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Ketchup Is King on 50 Richest List

Senators come and go, but ketchup is forever.

This is the 20th edition of Roll Call’s list of the 50 richest Members of Congress, and while many of the names (and numbers) have changed over the decades, the Heinz family ketchup fortune that was first on the list in 1990 is still first on the list today. It is only the Senator bathed in that condiment cash that has changed. In January 1990, Roll Call first published “The Roll Call Fifty,— like the current edition a hopelessly flawed attempt to gauge the relative wealth of Members of Congress based on their vague and frequently incorrect financial disclosure forms.

Back then, the No. 1 position was held by Sen. John Heinz (R-Pa.), with a net worth estimated at about $460 million. Heinz’s disclosure form only showed assets worth a minimum of about $16 million, Roll Call reported, but Forbes magazine had done an estimate of the family’s wealth that our editors at the time felt was a fairer version of the Senator’s position among his peers.

Fast-forward 20 years. Heinz died in a 1991 airplane crash, his wife Teresa Heinz inherited his fortune, and Sen. John Kerry (D-Mass) — who in 1990 reported less than $100,000 in assets, despite being part of one of the oldest families in Massachusetts and listing three family trusts of unknown value — married the widow Heinz, restoring the ketchup fortune to the top of the Congressional money list.

We still don’t really know what the Kerry-Heinz fortune is worth, but Kerry discloses more of the assets than Heinz did, so the minimum reported value is up to about $168 million. It is safe to assume that the family’s real net worth is several times that figure.

Roll Call used to rely more heavily on third-party assessments of net worth to rank the riches of Members; now we stick exclusively to the disclosure forms because they are the only common denominator available. For several years Roll Call listed former Rep. Amo Houghton (R-N.Y.) among the wealthiest Members of Congress — his family founded Corning Glass Works in 1851. But the number we attributed to him varied spectacularly because of differences in the sources we were using to estimate his wealth. In 1990, Houghton was No. 4 with a fortune estimated at $100 million. But by 1992, Roll Call, based on reporting by Forbes Magazine, pegged his net worth at $420 million and named him the wealthiest Member.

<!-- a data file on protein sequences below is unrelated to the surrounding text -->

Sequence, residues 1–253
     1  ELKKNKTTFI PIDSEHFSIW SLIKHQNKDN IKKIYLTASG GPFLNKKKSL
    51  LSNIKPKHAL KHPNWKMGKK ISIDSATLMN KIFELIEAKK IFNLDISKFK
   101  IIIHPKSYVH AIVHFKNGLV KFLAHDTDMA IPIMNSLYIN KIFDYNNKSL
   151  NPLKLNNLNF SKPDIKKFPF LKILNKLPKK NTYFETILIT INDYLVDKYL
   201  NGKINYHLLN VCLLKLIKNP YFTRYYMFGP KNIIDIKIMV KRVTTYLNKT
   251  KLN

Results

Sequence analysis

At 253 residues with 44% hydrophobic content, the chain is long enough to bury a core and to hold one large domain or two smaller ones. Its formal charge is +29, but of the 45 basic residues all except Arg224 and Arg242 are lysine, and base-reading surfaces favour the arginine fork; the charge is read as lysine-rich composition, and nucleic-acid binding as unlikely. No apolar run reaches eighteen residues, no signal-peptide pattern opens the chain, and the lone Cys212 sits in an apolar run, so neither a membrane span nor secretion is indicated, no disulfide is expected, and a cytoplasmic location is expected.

Kerry unseated Houghton in 1996 at the top of the list after his marriage to Teresa Heinz, and at the time we estimated his net worth at about $760 million.

The history of the 50 richest also offers a testament to the fact that riches can be fleeting. In 1996 a freshman Democrat from California, Rep. Ellen Tauscher, burst onto the scene in 11th place, with a net worth of about $23 million derived largely from her husband’s position as CEO of a computer company. But by 2000 the couple had divorced and Tauscher had dropped to 18th, with estimated assets of about $15 million; a year later she was down to $10 million and 27th place. In 2002, she dropped off the list entirely, with a disclosure report stating that the value of her holdings “cannot be determined pending divorce property settlement.—

In the last disclosure form she filed before leaving Congress to join the Obama administration, Tauscher listed her 2007 assets as having a minimum value of just less than $500,000.

Overall, the cost of membership in the 50 Richest club has grown dramatically over two decades. In 1990, then-Sen. Rudy Boschwitz’s (R-Minn.) estimated net worth of $1.8 million earned him 50th place on the list (and a one-word description of his assets from Roll Call: “Plywood.—) This year, the cutoff for membership in the top 50 is around $5.4 million, up slightly over last year despite a general downward trend in the value of the top Congressional portfolios.

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